Awareness of scapular inclination (especially of the body-neck axis) is also fundamental for the optimal centring of the keel of the glenoid component of a shoulder prosthetic implant. This preoperative knowledge of scapular topography increases in importance especially in conditions involving large defects of the glenoid. In such cases, exact determination of the glenoid version based on its rims is debatable, to say the least.

The main advantage 2D CT is the possibility of precision angular ratios measurement in individual sections [24, 25]. The main advantage of 3D CT is better spatial image of the shape and topography of the individual parts of scapula [24, 25]. Orientation of the glenoid within a 3D space must also be taken into consideration when using various technologies to simulate and navigate scapular orientation within space with the aid of preoperative planning and for the subsequent drawing up of individual surgical templates for prosthetic implants.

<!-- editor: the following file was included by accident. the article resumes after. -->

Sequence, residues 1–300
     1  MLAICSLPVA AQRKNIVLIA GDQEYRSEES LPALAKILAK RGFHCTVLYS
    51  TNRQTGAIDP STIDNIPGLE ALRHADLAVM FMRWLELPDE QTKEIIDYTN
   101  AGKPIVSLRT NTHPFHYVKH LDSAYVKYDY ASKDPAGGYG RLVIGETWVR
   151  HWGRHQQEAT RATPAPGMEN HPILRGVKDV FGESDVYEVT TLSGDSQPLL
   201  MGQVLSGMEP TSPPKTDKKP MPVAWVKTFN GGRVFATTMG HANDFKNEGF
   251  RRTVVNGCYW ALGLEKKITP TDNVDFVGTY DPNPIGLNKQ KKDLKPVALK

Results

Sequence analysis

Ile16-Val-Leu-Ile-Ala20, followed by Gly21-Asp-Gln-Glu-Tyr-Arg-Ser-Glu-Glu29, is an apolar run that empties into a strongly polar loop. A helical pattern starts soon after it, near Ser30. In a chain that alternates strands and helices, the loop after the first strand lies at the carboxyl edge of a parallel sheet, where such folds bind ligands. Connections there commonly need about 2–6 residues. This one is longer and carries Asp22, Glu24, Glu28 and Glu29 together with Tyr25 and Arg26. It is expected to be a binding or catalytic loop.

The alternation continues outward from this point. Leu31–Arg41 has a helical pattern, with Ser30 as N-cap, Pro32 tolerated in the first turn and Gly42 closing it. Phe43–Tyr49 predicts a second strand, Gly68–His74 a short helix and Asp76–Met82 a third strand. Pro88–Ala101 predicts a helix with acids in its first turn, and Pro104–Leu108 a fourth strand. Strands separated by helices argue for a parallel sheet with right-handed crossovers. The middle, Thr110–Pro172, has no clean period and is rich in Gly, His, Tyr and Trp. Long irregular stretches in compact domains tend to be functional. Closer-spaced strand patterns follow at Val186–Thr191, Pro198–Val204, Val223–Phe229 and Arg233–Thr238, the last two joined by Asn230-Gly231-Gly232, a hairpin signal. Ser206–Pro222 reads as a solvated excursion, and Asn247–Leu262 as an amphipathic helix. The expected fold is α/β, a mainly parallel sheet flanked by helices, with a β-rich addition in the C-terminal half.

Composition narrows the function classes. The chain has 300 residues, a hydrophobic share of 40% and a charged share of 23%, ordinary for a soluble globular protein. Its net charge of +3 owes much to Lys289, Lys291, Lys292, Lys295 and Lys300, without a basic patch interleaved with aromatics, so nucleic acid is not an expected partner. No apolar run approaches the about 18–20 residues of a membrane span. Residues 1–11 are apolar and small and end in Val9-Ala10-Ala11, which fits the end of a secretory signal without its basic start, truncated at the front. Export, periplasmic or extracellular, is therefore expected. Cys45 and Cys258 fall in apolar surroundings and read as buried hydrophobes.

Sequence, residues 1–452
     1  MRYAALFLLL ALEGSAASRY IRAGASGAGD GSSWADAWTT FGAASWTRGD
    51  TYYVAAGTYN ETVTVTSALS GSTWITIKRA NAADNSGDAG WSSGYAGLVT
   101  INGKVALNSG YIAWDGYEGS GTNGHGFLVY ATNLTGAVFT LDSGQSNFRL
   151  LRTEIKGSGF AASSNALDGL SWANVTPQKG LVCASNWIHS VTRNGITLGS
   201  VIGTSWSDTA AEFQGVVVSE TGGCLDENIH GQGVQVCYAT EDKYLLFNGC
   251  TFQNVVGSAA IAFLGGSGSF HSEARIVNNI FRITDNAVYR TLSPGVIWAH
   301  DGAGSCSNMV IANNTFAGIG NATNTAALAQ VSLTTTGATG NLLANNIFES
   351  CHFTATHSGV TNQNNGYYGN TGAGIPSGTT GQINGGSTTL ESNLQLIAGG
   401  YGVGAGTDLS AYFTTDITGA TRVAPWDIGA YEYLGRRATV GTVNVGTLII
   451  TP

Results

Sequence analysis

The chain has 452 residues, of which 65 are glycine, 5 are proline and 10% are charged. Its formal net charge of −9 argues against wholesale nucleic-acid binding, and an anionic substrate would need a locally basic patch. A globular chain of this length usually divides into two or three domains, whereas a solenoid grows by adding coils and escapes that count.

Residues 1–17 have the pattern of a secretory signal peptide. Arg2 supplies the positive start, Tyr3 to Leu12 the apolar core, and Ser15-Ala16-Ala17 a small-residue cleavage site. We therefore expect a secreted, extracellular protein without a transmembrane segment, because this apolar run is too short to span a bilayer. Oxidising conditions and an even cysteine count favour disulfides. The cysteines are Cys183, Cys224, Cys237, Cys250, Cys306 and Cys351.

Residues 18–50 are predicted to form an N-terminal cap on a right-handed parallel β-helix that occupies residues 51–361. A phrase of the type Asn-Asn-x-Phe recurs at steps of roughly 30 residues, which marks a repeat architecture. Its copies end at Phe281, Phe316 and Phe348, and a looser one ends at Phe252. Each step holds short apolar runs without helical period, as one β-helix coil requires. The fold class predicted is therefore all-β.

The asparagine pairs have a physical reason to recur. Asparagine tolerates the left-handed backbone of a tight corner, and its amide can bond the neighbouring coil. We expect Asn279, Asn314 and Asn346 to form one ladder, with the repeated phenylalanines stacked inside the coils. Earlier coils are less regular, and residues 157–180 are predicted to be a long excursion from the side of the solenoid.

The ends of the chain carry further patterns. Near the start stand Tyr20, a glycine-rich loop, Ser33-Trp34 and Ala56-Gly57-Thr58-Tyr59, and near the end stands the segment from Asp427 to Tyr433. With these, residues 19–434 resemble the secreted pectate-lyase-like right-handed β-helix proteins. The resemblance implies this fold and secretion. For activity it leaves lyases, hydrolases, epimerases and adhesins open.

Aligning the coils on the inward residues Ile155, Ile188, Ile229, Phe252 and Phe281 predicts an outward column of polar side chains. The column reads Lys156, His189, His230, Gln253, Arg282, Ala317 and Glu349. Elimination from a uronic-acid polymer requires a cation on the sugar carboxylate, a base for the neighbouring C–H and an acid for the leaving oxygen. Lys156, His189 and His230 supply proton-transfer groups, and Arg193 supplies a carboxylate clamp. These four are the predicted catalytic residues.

Weaknesses of the study is the fact that after the introduction of anesthesia is changed muscle tonus and potentially the orientation of scapula. However, knowledge of the relationship glenoid version and scapula inclination ignores muscle tonus after the release of the glenoid and the determination of the optical retroversion of the glenoid. The limitation of the study is also patient position. Meaning it position on the CT scan in supination is the closest position of the patient on the operating table. Patient lies on back with upper limb loosely at your sides with supination of the forearm.

One of the weaknesses of the study is to conduct a study on the “normal population” (not only in patients with arthritis). But it is necessary to mention that in the file there are many comminuted fractures of the proximal humerus, which were later indicated to hemiarthroplasty or total anatomical arthroplasty of the shoulder. In these patients, it is equally important to know the real orientation of the glenoid for perfect implantation and replacement function as in the revrese shoulder arthroplasty.

Conclusions